Raleigh, N.C. — Top lawmakers say they are poised to return to Raleigh in order to invalidate Charlotte's transgender nondiscrimination ordinance if Attorney General Roy Cooper doesn't act to derail it.
"The vast majority of my fellow colleagues in the House and I believe the ordinance passed by the Charlotte City Council poses an imminent threat to public safety," House Speaker Tim Moore said Thursday in a news release.
The new ordinance allows transgendered people to use the bathroom in which they feel most comfortable and goes into effect April 1. That is more than three weeks before lawmakers are scheduled to return on April 25 for their regularly scheduled session.
Gov. Pat McCroy, a Republican like Moore and other top legislative leaders, said earlier this week he did not think lawmakers should return early, citing the $42,000-per-day cost to operate a special session. McCrory said he believes lawmakers could act quickly enough, despite the 25-day gap, once they reconvene.
Moore, R-Cleveland, said the matter is more urgent.
"We believe it prudent to consider immediate action because the Charlotte City Council decided to make its ordinance effective prior to the convening of our short session. We understand that special sessions have a cost, but the North Carolina House is unwilling to put a price tag on public safety," he said.
Earlier this week, Senate President Pro Tem Phil Berger hedged on the possibility of a special session, saying that, as of that point, the earliest lawmakers could take it on would be April 25. But on Thursday, he said it was "entirely possible" lawmakers would return for a special session if Cooper doesn't step into the fray.
"I think, as long as Roy Cooper continues to say he's not going to enforce the law, then the legislature will need to do something," Berger said.
In addition to the April 1 effective date, lawmakers must also schedule around the state's March 15 primary. Early in-person voting began Thursday, and incumbents are unlikely to want to leave the campaign trail for a special session. That leaves a two-week window between the primary and April 1 as the most likely time for a special session.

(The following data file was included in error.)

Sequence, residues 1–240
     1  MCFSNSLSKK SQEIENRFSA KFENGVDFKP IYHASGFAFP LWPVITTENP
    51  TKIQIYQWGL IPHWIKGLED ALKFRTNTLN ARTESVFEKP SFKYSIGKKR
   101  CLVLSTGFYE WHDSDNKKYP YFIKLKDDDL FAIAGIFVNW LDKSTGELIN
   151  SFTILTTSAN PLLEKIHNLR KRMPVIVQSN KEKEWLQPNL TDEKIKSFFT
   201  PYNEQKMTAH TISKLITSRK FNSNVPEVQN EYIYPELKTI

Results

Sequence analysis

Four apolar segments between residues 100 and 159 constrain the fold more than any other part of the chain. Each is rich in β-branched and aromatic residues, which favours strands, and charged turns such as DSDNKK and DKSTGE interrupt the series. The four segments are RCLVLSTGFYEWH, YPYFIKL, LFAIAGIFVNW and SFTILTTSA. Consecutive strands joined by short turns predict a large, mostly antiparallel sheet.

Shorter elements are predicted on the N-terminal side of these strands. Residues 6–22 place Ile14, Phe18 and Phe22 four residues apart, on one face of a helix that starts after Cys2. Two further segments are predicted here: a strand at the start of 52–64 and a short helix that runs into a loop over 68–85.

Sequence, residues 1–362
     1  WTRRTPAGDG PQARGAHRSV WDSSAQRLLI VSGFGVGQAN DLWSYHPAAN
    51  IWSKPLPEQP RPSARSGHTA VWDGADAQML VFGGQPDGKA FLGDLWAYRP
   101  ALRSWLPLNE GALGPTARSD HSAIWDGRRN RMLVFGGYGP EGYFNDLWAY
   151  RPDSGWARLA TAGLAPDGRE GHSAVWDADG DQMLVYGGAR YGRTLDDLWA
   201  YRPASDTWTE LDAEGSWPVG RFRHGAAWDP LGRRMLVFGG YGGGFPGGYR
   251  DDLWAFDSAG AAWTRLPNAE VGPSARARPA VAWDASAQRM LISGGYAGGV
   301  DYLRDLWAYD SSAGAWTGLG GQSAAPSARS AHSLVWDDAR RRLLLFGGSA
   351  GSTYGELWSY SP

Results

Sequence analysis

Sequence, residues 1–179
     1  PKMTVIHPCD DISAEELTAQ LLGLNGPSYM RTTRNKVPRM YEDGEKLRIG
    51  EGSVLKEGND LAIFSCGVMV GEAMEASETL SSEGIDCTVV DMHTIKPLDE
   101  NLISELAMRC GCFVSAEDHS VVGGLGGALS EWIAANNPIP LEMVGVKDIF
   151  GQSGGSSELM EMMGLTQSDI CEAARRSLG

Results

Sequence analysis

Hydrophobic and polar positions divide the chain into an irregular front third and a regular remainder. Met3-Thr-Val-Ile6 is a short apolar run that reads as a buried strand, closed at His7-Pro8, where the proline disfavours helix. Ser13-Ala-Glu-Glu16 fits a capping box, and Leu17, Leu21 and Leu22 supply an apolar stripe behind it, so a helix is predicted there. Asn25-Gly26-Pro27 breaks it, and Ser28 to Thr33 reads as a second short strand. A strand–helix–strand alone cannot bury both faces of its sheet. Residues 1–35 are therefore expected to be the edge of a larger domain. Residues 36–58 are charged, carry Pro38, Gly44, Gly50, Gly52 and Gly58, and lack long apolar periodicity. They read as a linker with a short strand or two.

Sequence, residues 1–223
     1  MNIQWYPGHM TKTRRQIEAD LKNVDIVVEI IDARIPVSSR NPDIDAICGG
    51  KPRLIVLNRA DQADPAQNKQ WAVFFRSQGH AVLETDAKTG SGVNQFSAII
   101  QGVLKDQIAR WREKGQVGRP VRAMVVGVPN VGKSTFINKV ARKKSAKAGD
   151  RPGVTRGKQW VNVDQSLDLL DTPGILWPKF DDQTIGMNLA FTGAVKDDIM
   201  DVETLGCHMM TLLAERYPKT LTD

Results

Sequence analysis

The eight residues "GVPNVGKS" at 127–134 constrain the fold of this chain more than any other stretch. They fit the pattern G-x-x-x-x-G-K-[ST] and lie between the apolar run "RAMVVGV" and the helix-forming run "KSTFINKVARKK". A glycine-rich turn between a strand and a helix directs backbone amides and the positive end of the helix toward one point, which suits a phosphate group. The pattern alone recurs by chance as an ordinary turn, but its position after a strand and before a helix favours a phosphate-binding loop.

The Charlotte measure broadly defines how businesses must treat gay, lesbian and transgender customers, but as in other cities recently, the debate has focused on bathrooms.
Cooper is not just the attorney general; he is a Democratic candidate for governor and is widely expected to face off against McCrory this fall. Berger, R-Rockingham, and Sen. Buck Newton, R-Wilson, himself a candidate for attorney general, used a Thursday news conference to apply both practical and political pressure to Cooper.
"We're calling on Roy Cooper to do what Roy Cooper was elected to do, and that is to enforce the law," Berger said. "This idea that he can run for governor and he can pay more attention to what's going on at the national level, following the Obama administration, to do things that are inconsistent with North Carolina ... is really inconsistent with what he was elected to do."
Cooper said earlier this week that lawmakers have more pressing issues to handle and emphasized state criminal laws remain in place. A spokesman for his office pointed to a letter Cooper authored last month telling district attorneys they have the ability to enforce assault criminal statutes, no matter what Charlotte's local ordinance says.
Jamal Little, a spokesman for Cooper's campaign, said the senators were misinterpreting state law.
"As we made clear to senators last week, local ordinances can't trump criminal law," Cooper said. "District Attorneys can prosecute criminals just as always. This news conference is at best a partisan political sideshow for an attorney general candidate and worse it's misleading North Carolinians about how the law actually works."
While McCrory has the option to call lawmakers back to work, the legislature has the ability to call a special session on its own. That requires three-fifths of the members of both the House and the Senate to request such a session.
"The idea that grown men and young girls should use the same bathroom, and middle school boys and girls should share locker facilities, defies common sense. It puts children and families at risk. This is crazy," Berger said.
While Moore and McCrory have said that lawmakers should target the bathroom provisions, Berger and Newton suggested they could go after the entire ordinance. The likely vehicle would be a statewide law making explicit what sort of ordinances cities could and could not pass.
Berger is typically more measured in his pronouncements on legislation. When asked about his more strident rhetoric, he said that he has been fielding calls from concerned voters.
"I can tell you this is an issue that has, as far as the public is concerned, not just in the Charlotte area but all across the state, affected people," he said.
But advocates for the LGBT community say lawmakers are overreacting.
"It’s the same type of fear-mongering that, when I was growing up as a young gay teenager, it was gay people in the restrooms who were threats. Now, it’s just being redirected against trans folks," said Shawn Long, director of operations for Equality NC.